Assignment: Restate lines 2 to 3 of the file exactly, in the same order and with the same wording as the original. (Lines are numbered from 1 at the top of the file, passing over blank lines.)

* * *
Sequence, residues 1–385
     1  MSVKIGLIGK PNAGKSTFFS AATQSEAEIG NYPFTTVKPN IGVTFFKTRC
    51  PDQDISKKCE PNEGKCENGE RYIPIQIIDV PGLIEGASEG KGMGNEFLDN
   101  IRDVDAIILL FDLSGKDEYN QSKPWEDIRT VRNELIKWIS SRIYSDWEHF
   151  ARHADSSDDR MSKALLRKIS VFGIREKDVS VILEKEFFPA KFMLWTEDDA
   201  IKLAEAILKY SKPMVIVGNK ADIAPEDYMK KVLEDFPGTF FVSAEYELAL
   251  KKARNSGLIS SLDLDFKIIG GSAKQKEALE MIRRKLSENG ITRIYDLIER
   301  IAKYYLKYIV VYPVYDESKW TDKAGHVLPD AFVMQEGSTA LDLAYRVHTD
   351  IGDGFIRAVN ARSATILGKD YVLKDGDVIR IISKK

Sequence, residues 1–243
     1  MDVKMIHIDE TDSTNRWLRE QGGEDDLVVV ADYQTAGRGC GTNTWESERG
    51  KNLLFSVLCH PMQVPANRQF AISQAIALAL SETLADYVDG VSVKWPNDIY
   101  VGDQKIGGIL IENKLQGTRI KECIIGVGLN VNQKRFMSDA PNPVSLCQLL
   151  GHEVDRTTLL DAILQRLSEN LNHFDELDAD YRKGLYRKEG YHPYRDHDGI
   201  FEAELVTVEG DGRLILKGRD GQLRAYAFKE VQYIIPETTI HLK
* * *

     1  MSVKIGLIGK PNAGKSTFFS AATQSEAEIG NYPFTTVKPN IGVTFFKTRC
    51  PDQDISKKCE PNEGKCENGE RYIPIQIIDV PGLIEGASEG KGMGNEFLDN